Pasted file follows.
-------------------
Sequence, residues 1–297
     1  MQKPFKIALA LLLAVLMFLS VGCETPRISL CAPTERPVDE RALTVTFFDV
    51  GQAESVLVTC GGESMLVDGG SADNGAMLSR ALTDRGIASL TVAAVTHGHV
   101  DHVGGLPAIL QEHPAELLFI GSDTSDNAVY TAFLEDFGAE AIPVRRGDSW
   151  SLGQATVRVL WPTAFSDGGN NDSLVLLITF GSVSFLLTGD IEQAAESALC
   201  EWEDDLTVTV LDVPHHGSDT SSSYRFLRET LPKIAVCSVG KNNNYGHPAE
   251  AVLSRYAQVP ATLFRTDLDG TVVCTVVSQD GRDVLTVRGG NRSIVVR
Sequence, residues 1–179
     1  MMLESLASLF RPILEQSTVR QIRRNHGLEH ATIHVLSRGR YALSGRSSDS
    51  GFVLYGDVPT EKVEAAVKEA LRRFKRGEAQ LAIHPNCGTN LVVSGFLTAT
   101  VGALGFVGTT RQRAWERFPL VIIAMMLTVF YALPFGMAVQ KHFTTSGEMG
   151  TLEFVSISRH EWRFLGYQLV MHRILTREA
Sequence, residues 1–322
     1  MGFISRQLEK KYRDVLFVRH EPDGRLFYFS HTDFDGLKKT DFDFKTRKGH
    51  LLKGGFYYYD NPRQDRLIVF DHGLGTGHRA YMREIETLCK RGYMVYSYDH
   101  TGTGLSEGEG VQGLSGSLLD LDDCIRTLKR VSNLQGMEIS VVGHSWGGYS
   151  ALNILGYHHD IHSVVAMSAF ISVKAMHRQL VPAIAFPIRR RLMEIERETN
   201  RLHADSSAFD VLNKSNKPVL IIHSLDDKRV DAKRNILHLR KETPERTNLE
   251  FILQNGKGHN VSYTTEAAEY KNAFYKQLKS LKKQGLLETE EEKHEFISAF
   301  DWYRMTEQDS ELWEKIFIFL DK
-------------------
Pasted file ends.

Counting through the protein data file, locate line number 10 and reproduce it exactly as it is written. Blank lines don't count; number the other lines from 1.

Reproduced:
    51  GFVLYGDVPT EKVEAAVKEA LRRFKRGEAQ LAIHPNCGTN LVVSGFLTAT